“This brilliant and subtle work will always be popular; I could say ‘for the wrong reasons,’ except that all reasons for Shakespeare’s eternal popularity are correct, one way or another.  And yet Henry V is clearly a lesser drama than the two parts of Henry IV.  Falstaff is gone, and King Henry V, matured into the mastery of power, is less interesting than the ambivalent Prince Hal, whose potential was more varied.  The great Irish poet W.B. Yeats made the classic comment on this aesthetic falling away in his Ideas of Good and Evil:

[Henry V] has the gross vices, the coarse nerves, of one who is to rule among violent people, and he is so little ‘too friendly’ to his friends that he bundles them out of door when their time is over.  He is as remorseless and undistinguished as some natural force, and the finest thing in his play is the way his old companions fall out of it broken-hearted or on their way to the gallows.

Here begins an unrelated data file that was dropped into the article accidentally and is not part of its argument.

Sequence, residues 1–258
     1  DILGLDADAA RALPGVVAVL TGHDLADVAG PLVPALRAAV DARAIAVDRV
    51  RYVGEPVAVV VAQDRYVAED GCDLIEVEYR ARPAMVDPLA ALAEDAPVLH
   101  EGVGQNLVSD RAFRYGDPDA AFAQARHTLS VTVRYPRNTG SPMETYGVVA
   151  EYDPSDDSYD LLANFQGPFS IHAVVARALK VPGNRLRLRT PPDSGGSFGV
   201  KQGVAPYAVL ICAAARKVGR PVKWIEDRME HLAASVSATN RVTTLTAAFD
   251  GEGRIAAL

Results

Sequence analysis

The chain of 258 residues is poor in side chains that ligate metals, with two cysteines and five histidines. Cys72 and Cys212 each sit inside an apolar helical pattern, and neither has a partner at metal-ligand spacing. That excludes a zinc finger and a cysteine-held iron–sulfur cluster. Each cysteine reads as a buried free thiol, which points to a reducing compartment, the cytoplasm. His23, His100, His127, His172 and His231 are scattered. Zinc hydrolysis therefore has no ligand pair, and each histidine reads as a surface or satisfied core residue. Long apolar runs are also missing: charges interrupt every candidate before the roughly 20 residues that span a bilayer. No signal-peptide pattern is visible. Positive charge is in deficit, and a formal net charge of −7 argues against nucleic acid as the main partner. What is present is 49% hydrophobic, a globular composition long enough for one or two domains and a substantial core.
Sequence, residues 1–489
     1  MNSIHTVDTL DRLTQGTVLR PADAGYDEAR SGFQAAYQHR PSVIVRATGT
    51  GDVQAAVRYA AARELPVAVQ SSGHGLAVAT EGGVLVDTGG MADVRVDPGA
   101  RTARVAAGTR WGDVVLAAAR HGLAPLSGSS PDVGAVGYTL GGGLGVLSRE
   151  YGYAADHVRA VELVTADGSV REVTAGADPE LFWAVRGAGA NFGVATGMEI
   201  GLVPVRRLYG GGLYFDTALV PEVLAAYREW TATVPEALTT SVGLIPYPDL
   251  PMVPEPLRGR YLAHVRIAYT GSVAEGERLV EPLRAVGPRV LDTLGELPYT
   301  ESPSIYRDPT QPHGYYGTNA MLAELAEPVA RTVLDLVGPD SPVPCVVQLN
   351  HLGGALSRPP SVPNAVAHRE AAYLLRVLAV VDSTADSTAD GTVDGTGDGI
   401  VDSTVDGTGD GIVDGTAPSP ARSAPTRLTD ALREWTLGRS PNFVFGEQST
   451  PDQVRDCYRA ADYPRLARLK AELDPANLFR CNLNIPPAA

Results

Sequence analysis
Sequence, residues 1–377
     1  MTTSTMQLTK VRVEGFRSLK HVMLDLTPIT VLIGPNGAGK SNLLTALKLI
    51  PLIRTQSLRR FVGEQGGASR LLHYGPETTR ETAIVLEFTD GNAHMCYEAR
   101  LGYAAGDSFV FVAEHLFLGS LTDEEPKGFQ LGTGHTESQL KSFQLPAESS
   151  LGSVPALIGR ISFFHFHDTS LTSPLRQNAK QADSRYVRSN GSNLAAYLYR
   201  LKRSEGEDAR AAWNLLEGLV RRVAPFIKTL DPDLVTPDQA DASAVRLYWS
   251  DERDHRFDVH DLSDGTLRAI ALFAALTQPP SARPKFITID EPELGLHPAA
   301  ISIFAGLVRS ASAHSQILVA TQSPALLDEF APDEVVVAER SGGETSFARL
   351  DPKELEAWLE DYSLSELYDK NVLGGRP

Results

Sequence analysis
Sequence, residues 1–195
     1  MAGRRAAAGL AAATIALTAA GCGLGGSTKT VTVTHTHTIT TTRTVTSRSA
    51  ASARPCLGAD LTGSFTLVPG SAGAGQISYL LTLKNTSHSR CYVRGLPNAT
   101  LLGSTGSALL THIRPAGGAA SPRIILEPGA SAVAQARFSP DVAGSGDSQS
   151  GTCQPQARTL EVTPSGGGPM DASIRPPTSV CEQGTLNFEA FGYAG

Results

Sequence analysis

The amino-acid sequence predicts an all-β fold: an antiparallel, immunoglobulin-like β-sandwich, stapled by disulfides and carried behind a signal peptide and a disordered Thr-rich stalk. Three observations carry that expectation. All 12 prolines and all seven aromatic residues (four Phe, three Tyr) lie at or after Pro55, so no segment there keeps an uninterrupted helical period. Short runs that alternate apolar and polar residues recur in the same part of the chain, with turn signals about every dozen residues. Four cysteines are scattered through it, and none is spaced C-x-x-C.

I read the play that Yeats read, but much Shakespeare scholarship reads otherwise.  Henry V is now most widely known because of the films quarried from it by Laurence Olivier and Kenneth Branagh.  Both movies are lively patriotic romps, replete with exuberant bombast, provided by Shakespeare himself, with what degree of irony we cannot quite tell but are free to surmise:

We few, we happy few, we band of brothers

For he to-day that sheds his blood with me

Shall be my brother; be he ne’er so vile

This day shall gentle his condition:

And gentlemen in England, now a-bed,

Shall think themselves accurs’d they were not here,

And hold their manhoods cheap whiles any speaks

That fought with us upon Saint Crispin’s day.


That is the King, just before the battle of Agincourt.  He is very stirred; so are we; but neither we nor he believes a word he says.  The common soldiers fighting with their monarch are not going to become gentlemen, let alone nobles, and the ‘ending of the world’ is a rather grand evocation for an imperialist land grab that did not survive Henry V’s death, as Shakespeare’s audience knew to well.  [MY NOTE:  And as we who read Henry VI, Parts 1-3 know as well…]  Hazlitt, with characteristic eloquence, joins Yeats as the true exegete of Henry V and his play.